Each player votes for the three teammates he considers to have been the most valuable player this season, with all players then voting on the nominees from the 17 other clubs.
Dangerfield is favourite to win this year's Brownlow Medal but he was not in contention, having not made the top three Geelong players to be nominated by their fellow Cats.
Fellow All-Australians Brodie Grundy and Nat Fyfe rounded out the top five.
Cripps led the competition for clearances this season and became the first player since 2014 to come from a team that finished outside the top eight and claim the Leigh Matthews Trophy.
Williams said a focus had been on "next level" work at stoppages to combat the extra attention from opposition teams, and said his ability to deal with expectation was a mark of the 24-year-old.
"He's very tough and a very mature guy for his age," he said.
"He's captain and he should be too, because you see the way he plays and he leads his teammates. He's played some games this year that are as good as anyone's played.
"He just lifts everyone and he carries them over the line. He really is an amazing player and a great club man and a team guy. You can just see the respect that he's got from everyone at the club."
TIGER GRIMES IS ONE TOUGH COOKIE
The league's most courageous player is a Tiger for the first time.
Defender Dylan Grimes - who only 24 hours prior claimed his first All-Australian blazer - was voted by his peers to take out the AFL Players' Association Robert Rose Most Courageous Player Award ahead of Lions hard nut Mitch Robinson and Eagles skipper Shannon Hurn.
The Richmond defender said the tag of "courage" was highly-sought and valued by all players.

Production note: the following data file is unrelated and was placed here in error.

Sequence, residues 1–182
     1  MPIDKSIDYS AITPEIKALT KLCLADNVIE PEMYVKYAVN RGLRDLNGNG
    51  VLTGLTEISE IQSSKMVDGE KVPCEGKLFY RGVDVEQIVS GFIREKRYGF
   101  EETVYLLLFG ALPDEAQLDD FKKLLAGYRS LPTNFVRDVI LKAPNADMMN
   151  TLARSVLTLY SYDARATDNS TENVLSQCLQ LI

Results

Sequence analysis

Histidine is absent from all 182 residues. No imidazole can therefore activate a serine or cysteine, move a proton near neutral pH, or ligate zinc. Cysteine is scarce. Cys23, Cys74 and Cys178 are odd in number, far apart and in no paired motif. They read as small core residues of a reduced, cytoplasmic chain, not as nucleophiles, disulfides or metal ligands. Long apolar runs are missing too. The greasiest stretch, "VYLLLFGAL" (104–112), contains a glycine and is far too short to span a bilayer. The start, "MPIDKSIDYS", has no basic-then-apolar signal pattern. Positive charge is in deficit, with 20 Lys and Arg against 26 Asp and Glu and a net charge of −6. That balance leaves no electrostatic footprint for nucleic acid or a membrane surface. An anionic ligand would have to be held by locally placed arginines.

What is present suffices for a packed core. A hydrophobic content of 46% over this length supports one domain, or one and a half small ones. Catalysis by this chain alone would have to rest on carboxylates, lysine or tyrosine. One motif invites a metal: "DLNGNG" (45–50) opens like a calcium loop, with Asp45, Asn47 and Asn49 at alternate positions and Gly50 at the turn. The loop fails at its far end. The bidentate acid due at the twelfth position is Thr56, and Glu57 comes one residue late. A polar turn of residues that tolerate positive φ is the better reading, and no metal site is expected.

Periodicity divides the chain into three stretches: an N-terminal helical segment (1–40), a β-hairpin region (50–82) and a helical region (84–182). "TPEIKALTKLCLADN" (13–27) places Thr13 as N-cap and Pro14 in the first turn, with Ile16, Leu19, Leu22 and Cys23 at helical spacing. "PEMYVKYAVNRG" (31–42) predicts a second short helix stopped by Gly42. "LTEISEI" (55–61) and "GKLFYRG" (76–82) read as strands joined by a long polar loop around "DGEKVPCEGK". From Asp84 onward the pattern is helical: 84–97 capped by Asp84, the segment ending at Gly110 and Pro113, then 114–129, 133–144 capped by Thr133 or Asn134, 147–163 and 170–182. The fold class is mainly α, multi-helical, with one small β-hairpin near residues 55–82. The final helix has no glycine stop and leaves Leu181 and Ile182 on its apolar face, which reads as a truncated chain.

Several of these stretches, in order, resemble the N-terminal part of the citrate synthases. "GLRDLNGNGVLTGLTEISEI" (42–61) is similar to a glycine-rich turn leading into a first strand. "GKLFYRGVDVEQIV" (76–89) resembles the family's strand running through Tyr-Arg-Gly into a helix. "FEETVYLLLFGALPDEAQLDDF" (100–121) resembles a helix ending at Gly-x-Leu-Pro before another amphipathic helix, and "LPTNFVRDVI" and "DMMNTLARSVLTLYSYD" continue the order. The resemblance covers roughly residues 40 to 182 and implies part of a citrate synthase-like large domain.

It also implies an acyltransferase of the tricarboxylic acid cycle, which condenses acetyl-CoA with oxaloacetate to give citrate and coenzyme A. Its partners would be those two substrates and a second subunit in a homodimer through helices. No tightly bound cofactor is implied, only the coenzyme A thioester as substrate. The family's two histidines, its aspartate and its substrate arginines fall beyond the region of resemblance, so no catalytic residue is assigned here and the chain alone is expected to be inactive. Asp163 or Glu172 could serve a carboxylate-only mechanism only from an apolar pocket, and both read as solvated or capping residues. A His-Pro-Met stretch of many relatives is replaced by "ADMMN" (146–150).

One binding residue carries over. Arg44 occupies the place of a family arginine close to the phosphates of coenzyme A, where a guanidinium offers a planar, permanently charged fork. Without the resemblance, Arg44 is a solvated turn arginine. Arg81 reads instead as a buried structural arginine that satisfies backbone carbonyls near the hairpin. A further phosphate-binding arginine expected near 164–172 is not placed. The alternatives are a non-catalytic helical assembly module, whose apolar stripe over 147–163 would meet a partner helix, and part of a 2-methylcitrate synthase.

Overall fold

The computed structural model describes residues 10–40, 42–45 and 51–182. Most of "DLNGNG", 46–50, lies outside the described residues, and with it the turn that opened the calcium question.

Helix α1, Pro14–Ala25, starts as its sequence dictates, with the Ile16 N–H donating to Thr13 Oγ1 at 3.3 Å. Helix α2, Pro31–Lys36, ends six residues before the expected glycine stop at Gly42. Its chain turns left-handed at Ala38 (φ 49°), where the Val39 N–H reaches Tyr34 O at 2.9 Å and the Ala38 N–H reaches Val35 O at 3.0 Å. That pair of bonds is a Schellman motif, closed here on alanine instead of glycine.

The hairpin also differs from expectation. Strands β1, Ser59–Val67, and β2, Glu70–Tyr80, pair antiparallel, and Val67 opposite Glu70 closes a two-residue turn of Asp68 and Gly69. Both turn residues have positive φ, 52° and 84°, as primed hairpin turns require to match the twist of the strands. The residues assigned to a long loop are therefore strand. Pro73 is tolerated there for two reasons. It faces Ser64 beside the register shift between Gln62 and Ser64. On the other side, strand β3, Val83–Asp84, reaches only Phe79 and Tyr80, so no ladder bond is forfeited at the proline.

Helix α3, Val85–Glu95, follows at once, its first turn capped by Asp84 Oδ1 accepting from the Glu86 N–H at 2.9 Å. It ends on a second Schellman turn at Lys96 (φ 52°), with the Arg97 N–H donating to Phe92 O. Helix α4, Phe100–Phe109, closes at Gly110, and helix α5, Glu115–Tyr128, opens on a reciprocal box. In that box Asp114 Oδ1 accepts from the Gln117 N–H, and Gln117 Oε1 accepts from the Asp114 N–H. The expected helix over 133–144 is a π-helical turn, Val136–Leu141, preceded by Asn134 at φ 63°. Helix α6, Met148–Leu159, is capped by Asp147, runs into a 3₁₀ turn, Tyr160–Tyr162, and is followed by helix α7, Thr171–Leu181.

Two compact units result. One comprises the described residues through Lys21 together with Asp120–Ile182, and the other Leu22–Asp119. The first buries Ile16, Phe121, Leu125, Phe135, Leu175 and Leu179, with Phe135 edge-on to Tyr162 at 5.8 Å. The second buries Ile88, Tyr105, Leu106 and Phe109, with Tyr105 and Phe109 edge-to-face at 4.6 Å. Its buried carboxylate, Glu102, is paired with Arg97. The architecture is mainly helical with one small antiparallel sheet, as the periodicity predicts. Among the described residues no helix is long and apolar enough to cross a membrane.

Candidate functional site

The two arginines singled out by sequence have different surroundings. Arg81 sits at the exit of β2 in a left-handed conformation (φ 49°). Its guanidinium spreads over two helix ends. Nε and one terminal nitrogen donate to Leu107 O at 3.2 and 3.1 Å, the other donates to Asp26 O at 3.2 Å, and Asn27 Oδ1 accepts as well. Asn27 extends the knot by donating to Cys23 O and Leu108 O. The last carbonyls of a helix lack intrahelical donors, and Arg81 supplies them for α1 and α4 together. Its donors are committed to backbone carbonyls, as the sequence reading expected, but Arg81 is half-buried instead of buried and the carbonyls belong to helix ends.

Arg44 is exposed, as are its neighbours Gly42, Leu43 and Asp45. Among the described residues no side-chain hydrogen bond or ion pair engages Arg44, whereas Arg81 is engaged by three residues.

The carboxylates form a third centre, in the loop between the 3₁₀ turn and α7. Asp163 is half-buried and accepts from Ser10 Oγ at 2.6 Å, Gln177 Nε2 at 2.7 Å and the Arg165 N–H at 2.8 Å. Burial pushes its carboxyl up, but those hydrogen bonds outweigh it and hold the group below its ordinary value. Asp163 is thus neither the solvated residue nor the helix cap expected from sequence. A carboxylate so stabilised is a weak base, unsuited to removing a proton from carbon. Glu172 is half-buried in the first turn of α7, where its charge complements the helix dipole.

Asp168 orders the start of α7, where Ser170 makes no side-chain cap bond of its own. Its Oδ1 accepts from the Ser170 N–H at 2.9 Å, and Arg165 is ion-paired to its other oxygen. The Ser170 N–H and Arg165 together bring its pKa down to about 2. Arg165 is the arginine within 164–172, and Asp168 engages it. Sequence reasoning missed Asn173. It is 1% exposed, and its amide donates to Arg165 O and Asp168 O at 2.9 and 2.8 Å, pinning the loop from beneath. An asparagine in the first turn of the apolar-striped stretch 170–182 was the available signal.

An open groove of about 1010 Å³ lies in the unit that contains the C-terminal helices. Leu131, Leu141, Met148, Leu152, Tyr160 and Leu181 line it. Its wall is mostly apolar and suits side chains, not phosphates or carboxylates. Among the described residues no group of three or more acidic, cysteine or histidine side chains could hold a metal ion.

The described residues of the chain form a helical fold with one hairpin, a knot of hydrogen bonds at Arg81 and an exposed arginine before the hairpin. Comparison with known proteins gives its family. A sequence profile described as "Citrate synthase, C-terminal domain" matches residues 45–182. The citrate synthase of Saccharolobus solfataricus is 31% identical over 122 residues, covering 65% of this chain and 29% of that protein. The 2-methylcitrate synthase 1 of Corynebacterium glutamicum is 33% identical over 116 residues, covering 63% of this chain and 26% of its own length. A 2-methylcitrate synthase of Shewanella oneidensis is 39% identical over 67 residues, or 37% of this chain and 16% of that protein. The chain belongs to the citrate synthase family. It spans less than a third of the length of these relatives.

"I enjoy the physical side of the game and pushing myself physically, but some of the stories we've shared this year personify courage," he said.
"It's a huge honour to be standing here and to be recognised for that ... (to be rewarded) for something that a lot of people want to be recognised for is pretty special."
Grimes said finding his passion outside of football - producing wine at Mount Macedon Winery - had only added to his game.
"Courage sometimes is the challenge to be yourself," he said.
"For me, I always had a passion outside of footy and hats off to Richmond for encouraging me to do something completely different and pursue something that was not your normal career outside of footy."
Hurn was named the competition's best captain after finishing runner-up to Tigers skipper Trent Cotchin for last year's nod, while Blues young gun Sam Walsh was awarded the Best First Year Player Award.
He is also tipped to take out Friday's Rising Star gong after breaking the disposals record for a first-year player with 554 at an average of 25.2 per game.
Forced to step up in the absence of injured key defender Alex Rance this season after the premiership star ruptured his ACL in Round 1, Grimes averaged 6.9 intercept possessions per game.
Hawks winger Isaac Smith and North Melbourne AFLW ball-winner Kate Gillespie-Jones were recognised with the Education and Training Excellence award for their commitment to their respective off-field studies.